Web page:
The study was funded by a Mellon Career Development Grant and Wesleyan research funds. Shusterman, who conducted past studies in 2005 and 2007, plans to continue the research in upcoming years here at Wesleyan.

Shusterman is collaborating with Jennie Pyers, assistant professor of psychology at Wellesley College, and Ann Senghas, associate professor of psychology, at Barnard College.

She and Drennan are in the process of analyzing their data, and they plan to write a paper on their findings. Shusterman has already presented results of past studies at conferences.

“The language is still changing and there are still so many questions to answer, and I always have more questions I want to investigate, especially in the critical transition between the 30- and the 20-year-olds,” Shusterman says. “I also feel a responsibility and a connection to the community there. These are people whom I remember and who remember me from one visit to the next, and it is a uniquely wonderful community in which to study the scholarly questions that interest me.”
 

By Olivia Drake, The Wesleyan Connection editor. Photo contributed.

Center for Humanities Fall Lecture Series Unveiled


Yonatan Malin, assistant professor of music, will speak Oct. 20 on “Music Theory and Humanistic Study: A Brief History and Some Reflections” during the Center for Humanities Fall Lecture Series.
Posted 09/04/08
Wesleyan’s Center for the Humanities Fall Lecture Series: Figuring “The Human” begins Sept. 8. with a presentation by Nancy Armstrong, professor of English at Duke University, titled: “Darwin’s Paradox.” The event will be at 8 p.m. at Russell House.

The fall lecture series is part of the Center for the Humanities’ 50th anniversary celebration. The lectures are free and the public is welcome to attend. Additional presentations in the series are listed below. All are at 8 p.m. and are held at The Russell House unless otherwise noted. For more information call 860-685-3044.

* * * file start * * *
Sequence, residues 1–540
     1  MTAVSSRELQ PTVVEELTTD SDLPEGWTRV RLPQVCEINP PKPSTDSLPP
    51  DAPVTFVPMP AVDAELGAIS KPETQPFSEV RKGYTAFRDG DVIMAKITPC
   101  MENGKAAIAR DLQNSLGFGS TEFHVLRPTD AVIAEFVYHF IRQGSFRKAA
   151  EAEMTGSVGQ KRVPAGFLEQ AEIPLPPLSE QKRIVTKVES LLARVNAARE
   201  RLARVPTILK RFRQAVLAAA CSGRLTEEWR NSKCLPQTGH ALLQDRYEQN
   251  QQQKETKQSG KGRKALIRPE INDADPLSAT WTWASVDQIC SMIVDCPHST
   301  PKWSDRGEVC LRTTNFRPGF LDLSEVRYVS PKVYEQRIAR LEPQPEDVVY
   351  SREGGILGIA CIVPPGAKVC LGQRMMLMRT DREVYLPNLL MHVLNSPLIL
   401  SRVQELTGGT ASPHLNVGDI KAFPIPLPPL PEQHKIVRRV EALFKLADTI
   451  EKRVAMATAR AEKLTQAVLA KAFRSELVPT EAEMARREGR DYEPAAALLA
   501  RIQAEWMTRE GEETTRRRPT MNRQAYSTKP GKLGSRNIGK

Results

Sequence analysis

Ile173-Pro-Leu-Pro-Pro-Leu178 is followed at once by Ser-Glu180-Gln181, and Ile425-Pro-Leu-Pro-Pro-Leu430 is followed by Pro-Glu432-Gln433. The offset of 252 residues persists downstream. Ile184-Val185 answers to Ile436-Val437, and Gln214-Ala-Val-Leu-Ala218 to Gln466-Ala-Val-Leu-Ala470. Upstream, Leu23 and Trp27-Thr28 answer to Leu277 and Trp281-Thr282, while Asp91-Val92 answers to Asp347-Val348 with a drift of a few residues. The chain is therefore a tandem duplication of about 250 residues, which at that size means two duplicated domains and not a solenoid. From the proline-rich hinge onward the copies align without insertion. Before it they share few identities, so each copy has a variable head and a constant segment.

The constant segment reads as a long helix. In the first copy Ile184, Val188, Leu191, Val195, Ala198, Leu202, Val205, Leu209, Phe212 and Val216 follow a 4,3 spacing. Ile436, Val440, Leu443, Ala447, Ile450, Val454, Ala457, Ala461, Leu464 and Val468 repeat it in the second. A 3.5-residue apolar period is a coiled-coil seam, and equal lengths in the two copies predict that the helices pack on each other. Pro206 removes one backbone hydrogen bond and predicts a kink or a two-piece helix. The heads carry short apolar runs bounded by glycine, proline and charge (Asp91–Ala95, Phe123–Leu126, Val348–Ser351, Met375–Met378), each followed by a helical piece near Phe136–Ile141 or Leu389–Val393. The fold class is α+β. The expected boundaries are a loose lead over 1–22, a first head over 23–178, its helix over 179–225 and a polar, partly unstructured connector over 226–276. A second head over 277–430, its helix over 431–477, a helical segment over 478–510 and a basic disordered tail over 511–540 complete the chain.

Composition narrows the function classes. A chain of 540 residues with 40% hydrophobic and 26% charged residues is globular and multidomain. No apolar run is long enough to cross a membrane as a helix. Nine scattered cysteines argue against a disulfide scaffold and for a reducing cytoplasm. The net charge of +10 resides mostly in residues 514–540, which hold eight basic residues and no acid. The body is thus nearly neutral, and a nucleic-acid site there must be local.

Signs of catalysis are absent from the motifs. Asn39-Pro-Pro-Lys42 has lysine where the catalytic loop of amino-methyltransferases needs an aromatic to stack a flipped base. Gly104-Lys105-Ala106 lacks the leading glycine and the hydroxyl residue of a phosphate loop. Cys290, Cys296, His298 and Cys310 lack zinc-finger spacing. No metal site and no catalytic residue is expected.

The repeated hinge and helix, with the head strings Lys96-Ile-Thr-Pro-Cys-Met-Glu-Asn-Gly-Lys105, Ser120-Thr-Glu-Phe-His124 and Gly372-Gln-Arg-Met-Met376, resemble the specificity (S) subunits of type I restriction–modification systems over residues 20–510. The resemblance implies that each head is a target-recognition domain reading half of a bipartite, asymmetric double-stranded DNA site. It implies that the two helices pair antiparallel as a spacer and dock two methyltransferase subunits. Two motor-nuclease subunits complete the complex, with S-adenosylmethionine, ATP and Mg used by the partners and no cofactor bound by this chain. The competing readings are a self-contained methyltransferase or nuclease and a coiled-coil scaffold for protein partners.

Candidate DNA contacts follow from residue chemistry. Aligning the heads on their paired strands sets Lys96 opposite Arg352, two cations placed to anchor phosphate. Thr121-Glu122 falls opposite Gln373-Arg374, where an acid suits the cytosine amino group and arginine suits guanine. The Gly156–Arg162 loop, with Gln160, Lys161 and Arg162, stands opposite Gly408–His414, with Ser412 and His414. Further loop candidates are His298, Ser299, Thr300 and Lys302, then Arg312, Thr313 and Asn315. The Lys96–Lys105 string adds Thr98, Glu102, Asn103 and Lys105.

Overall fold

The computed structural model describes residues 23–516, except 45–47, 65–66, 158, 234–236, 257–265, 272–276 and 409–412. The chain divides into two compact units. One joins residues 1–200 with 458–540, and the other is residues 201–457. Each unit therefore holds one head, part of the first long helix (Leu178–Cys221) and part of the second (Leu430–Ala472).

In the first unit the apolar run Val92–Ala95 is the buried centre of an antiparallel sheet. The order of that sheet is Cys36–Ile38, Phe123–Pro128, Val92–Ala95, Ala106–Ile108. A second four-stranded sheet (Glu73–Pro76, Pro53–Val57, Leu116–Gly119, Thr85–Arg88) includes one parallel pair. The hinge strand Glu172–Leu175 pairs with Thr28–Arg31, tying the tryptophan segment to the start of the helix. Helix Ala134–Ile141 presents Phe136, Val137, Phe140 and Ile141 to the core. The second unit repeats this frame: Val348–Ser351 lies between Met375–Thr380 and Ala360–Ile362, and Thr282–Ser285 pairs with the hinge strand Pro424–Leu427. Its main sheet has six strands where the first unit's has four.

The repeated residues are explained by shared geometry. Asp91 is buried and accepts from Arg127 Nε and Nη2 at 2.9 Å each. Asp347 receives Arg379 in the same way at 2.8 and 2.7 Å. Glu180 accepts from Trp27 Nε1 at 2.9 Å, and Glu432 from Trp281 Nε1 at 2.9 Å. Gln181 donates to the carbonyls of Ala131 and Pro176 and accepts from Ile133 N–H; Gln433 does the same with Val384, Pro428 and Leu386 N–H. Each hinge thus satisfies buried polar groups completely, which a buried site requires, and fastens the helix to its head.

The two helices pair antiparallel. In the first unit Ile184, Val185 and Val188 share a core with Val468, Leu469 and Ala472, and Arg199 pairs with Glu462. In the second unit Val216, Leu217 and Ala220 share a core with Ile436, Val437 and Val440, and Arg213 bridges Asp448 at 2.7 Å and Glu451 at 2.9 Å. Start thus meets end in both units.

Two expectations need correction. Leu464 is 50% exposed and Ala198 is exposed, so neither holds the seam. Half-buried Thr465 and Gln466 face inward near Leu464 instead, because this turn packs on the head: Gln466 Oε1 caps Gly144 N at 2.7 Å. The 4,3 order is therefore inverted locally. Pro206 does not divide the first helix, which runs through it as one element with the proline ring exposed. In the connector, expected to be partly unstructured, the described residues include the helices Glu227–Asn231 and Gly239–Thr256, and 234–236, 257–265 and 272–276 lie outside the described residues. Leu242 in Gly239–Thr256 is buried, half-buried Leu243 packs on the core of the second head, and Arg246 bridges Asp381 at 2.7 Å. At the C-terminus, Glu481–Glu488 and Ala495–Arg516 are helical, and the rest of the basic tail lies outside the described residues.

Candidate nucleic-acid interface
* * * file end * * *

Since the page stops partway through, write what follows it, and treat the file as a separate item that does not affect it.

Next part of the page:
4 p.m. Sept. 15
Thierry Hoquet, professor of philosophy, Université Paris X Nanterre, speaks on “Our Posthuman Futures: Cyborgs and Mutants in an Evolutionary Perspective.”

Sept. 22
Kari Weil, professor of letters, speaks on “Figuring ‘The Animal;’ A Report on the Animal Turn in Critical Theory.”

Oct. 6
Emily Martin, professor of anthropology, New York University, speaks on “Sleepless in America.”

Oct. 13
Andrew Curran, associate professor of romance languages, speaks on “Inventing Human Science, circa 1750.”

Oct. 20
Yonatan Malin, assistant professor of music, speaks on “Music Theory and Humanistic Study: A Brief History and Some Reflections.”

Nov. 3
Jana Sawicki, professor of philosophy and women’s studies, Williams College, speaks on “Foucault and Sexual Freedom: Why Embrace an Ethics of Pleasure?”

Nov. 10
Wolfgang Natter, professor of political science, Virginia Polytechnic Institute and State University, speaks on “Director of the Alliance for Social, Political, Ethical and Cultural Thought, Virginia Polytechnic Institute Universal Particulars: Space, Contingency, Universality.”

Nov. 17
Ulrich Plass, assistant professor of German speaks on “Franz Kafka and the State of Exception.”

Nov. 24
Hilary Barth, assistant professor of psychology, speaks on “Numerical Thinking: Evolution and Culture.”

Dec. 1
Michael Bérubé, Panterno Family Professor in Literature, Pennsylvania State University, speaks on “Disability Studies and the Boundaries of the Human.”

Students Help Humanity with Open Source Software


Posted 09/04/08
When a 7.9-magnitude earthquake shook China in May, more than 10,000 people died, and thousands remained trapped under rubble and debris. On the other side of the world, Wesleyan computer science students helped write the software used to coordinate volunteers for relief efforts.

The software is part of Sahana, an open-source information technology system that was built to aid in the recovery effort following the 2004 Asian tsunami. The students contributed as part of the Humanitarian Free and Open Source Software (HFOSS) project, a joint venture between the computer science departments of Wesleyan, Trinity College and Connecticut College, which aims to bring open source software that benefits humanity into the computer science curriculum.

“Open source software is just one example where we team up to create something for everyone,” says HFOSS team member Eli Fox-Epstein ’11 (pictured at right). “It’s a very creative, democratic process where everyone contributes what they can.”